This makes sense.
MS: Yes. Independent journals for replication studies can also play a part, such as the Journal of Comments and Replications in Economics (JCRE) – successor of the International Journal for Reviews in Empirical Economics (IREE) – which is published by the ZBW. The journal could be used increasingly for the publication of replications in Empirical Economics that are created during PhD programmes.
What other changes do you observe with regard to Open Science?
MS: For experimental papers with random samples, the preregistration of a study is becoming standard. They state in advance which correlations are to be studied and therefore reduce biases caused by “p-hacking” and other approaches. A register set up by the AEA in 2013 now shows more than 4,000 entries per quarter.
Given the policy implications of economic research, society demands solid and consolidated results. How do economists discuss this?
MS: The political relevance of economic research is beyond dispute. The measures described up to here do not yet ensure that different findings to a question are consolidated. Methods of meta-analysis and of systematic literature review intend to create syntheses that are not dependent on purely subjective criteria. But they cannot remedy quality defects in the primary studies. They can provide additional information on questions that are widely discussed and where many researchers have been able to form an opinion at first hand about the quality of the previously published studies. The number of insights they could generate independently of an intensive discourse about individual studies seem to be limited, however. Which practice could offer the highest added value for economic policy is a question that economic research institutes, learned societies and science organisations could address more intensively in order to create standards for a more transparent policy consultation.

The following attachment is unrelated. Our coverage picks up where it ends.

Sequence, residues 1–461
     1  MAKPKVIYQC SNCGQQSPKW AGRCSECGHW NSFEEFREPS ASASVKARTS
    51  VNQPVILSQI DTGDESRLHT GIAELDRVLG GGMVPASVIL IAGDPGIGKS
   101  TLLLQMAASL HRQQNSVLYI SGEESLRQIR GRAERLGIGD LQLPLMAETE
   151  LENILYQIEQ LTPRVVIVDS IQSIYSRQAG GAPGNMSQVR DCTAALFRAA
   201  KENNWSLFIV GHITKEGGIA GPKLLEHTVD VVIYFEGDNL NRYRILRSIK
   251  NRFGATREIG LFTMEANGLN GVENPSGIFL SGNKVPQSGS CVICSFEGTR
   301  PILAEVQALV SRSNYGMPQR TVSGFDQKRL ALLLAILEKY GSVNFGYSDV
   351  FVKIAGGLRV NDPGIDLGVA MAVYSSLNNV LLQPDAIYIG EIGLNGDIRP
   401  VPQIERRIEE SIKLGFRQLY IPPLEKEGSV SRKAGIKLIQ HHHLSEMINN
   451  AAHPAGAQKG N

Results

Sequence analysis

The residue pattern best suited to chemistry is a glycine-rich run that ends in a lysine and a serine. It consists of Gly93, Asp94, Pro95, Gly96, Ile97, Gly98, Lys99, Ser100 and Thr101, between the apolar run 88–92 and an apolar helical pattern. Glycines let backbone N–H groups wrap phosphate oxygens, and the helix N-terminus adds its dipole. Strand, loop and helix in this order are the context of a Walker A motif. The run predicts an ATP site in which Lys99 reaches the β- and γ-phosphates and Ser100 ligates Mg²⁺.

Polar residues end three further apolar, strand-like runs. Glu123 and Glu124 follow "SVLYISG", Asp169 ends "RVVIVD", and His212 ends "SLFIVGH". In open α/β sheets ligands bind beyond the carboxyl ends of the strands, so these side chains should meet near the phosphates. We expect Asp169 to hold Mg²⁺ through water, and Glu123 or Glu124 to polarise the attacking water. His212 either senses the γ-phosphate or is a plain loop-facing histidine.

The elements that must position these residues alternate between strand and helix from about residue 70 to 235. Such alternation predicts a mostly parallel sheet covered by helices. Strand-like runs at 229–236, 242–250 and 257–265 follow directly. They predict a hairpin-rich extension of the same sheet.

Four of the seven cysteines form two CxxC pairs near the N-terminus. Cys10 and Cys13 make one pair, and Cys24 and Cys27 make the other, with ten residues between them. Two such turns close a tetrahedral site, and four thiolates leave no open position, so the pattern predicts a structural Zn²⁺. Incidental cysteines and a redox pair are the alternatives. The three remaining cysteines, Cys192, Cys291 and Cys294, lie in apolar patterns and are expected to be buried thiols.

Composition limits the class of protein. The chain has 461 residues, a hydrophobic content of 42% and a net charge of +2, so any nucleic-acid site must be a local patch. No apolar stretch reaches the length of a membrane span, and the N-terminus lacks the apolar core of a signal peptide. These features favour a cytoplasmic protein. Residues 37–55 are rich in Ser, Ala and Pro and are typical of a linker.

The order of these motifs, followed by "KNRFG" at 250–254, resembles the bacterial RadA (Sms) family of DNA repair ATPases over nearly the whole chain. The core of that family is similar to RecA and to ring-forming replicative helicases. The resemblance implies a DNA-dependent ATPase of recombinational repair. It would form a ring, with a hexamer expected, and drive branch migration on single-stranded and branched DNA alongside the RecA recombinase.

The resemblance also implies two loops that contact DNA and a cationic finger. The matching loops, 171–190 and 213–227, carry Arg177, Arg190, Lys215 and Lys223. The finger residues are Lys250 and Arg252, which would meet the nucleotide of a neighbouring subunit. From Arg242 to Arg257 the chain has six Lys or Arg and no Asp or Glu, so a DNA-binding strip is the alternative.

You can find the thoughts of Professor Marianne Saam on economics and Open Science in full length in Wirtschaftsdenst (in German). URL: http://hdl.handle.net/11108/500
The interview was conducted on December 8, 2021.
About Professor Marianne Saam
Marianne Saam is Professor of “Digital Economics” at Hamburg University and heads the programme division “Knowledge Transfer in Economics” of the ZBW – Leibniz Information Centre for Economic.
Her research focuses on the role of knowledge and digital technology in the economic process. She studies the effects of the digital transformation on innovation and sustainable economic growth, but also the use of digtal technologies in knowledge creation processes about economic topics.
Marianne Saam studied at Goethe University in Frankfurt on Main, where she also gained her PhD, and spent time in Paris and Louisiana. From 2005 to 2017, she headed various research projects at the department of “Digital Economy” at the ZEW – Leibniz Centre for European Economic Research in Mannheim. She has published papers in renowned journals such as the Review of Economics and Statistics. In 2014, she qualified as a professor at Goethe University. From 2017 until 2021, she held a chair at Ruhr University Bochum.